Will he do it and use chemical weapons?



Abdulrahman Al-Rashed

Published — Sunday 2 December 2012

Last update 2 December 2012 3:50 am

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Of course it was not maintenance or technical malfunction when telephone networks and the Internet were disrupted, airport traffic was halted and roads leading to it were closed. These are all part of the war in Damascus.
We have entered a very difficult and dangerous phase in a war aimed at toppling Bashar Assad.
An awareness campaign was launched directed at the Syrian people in the event that Assad’s forces used lethal chemical and biological weapons. Here we are talking about the prospects of terrible massacres after the rebels have reached advanced stages in their attack and they are now knocking on the doors of Damascus.
This is not a psychological warfare, nor just concerned thoughts. We know that the system is criminal as well as stupid, but we hope it would not commit the greatest folly in the end.
Lethal weapons are signs of dilapidated forces of the regime and its imminent collapse. It is the last weapon for a regime that wants revenge and to inflict the greatest possible harm to its opponents. Perhaps, Assad thinks that he might stop them and force the world to intervene and hold a political deal that rescues him. He will make the same allegations and tell lies about the massacres committed by his forces during the past months, blaming the opposition and holding it responsible.
Just as in the 1980s, Saddam Hussein killed thousands of civilians in Iraqi-Kurdish lands, and we saw the ugly images of dead parents with their children on the doorsteps of their homes and on the streets. Horrific moments where Saddam’s forces fortified with masks sprayed innocent families with pesticide chemicals and killed them like flies.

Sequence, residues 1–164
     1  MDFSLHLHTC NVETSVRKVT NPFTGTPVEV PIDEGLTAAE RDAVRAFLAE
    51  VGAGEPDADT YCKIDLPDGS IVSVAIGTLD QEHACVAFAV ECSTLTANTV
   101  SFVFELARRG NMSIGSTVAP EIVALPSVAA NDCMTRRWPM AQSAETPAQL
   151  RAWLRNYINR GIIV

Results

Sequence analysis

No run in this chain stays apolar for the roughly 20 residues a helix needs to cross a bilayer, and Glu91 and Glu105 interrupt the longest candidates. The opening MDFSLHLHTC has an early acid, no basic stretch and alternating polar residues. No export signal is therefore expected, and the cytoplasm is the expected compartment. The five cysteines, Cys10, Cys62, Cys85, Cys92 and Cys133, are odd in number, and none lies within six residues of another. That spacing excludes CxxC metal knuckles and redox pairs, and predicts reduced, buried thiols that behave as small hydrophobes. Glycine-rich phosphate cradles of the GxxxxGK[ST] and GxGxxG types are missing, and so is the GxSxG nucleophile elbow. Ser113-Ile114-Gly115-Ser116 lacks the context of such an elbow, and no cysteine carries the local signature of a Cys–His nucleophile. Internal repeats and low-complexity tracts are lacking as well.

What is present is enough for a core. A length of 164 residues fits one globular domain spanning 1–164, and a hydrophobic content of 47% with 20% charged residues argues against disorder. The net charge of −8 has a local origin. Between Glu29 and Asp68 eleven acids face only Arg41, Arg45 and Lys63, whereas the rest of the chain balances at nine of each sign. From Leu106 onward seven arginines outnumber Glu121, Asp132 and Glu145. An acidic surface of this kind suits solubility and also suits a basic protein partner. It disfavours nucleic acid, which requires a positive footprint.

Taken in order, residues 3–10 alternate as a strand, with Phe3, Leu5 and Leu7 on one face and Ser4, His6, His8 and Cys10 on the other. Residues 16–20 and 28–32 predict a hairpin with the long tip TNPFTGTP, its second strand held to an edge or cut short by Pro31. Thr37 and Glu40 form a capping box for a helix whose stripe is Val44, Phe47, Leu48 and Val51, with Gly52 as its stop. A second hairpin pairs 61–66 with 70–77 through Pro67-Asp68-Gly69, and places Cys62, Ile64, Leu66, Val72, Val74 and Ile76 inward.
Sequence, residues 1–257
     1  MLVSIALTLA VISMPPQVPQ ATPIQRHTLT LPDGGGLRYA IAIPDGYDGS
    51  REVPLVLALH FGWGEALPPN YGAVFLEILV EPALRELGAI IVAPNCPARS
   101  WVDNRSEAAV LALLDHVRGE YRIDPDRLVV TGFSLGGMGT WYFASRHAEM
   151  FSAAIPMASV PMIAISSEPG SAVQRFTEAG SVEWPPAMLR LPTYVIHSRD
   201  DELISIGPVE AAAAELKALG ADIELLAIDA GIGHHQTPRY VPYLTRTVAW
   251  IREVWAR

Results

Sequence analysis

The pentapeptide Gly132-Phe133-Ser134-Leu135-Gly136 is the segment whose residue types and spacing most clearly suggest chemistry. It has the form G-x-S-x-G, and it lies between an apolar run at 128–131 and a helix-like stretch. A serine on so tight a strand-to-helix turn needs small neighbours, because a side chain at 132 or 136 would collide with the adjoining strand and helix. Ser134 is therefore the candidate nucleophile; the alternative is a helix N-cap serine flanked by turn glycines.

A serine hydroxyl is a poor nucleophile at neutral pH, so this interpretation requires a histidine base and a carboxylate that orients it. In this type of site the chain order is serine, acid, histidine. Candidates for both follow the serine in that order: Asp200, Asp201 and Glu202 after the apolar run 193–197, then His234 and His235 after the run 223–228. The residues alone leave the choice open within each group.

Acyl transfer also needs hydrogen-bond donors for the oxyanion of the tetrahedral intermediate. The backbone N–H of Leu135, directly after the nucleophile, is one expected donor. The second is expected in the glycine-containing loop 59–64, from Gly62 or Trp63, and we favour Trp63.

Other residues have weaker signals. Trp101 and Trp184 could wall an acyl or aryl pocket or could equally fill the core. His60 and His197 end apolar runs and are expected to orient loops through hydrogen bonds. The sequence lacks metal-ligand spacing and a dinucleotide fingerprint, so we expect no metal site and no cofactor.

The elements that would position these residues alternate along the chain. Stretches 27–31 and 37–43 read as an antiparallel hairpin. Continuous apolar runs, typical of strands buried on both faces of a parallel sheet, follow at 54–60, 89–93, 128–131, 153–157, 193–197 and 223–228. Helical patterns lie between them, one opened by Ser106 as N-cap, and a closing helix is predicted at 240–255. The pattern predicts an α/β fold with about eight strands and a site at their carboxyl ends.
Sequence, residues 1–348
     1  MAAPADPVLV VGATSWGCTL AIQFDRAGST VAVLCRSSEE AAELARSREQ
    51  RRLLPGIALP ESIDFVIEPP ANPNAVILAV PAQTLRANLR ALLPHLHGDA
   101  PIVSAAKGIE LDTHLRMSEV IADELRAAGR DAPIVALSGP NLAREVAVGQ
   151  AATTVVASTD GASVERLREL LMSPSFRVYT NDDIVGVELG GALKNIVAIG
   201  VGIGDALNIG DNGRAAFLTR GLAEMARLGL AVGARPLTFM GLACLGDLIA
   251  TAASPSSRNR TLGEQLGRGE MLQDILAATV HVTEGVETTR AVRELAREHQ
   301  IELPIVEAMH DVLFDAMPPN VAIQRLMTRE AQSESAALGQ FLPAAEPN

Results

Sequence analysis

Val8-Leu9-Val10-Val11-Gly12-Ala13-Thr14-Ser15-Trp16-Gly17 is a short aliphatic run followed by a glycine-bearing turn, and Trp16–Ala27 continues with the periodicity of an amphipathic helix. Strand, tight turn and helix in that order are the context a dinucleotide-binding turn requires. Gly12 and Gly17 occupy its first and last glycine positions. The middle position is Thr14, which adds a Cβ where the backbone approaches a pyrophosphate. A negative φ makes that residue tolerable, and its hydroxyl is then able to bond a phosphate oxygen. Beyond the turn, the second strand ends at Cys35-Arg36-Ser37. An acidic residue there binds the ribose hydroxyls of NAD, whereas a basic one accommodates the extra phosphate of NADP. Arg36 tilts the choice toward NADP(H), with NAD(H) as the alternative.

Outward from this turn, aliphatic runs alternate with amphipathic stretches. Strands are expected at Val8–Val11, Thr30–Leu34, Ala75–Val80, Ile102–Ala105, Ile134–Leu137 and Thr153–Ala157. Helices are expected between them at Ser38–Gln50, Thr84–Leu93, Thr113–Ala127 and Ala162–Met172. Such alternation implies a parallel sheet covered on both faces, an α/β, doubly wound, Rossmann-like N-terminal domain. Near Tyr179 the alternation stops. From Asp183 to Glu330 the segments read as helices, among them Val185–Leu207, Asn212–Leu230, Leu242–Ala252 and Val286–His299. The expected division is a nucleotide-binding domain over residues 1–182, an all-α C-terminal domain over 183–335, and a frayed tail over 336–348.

In Syria, the regime did not deny that it possesses a huge stockpile of chemical and biological weapons but indeed admitted it when it was threatened with international intervention if Assad attempted to use them or deliver them to other parties, such as Hezbollah.
The Syrian deputy minister of Foreign Affairs announced that his government pledges it will not use chemical and biological weapons or transfer them to other parties.
There were many subsequent activities including monitoring convoys, the distribution of masks in a number of Syrian troop centers and news about a limited use of gas.
Because of our understanding of the seriousness of a horrifying chemical and biological massacre facing thousands of innocent people, it is important to hold the international community responsible for a rapid intervention and a deterrence system.
This should happen before Assad does it and the issue becomes just another case being investigated by UN inspectors and another chapter of ugly history.
This is an international responsibility that cannot be evaded, especially after what the Syrian people have suffered from the regime in terms of killing and suffering and did not receive the minimum of attention at the United Nations, while Assad depends on the Russian and Chinese’s protection of him, as well as Arab and Western spinelessness.

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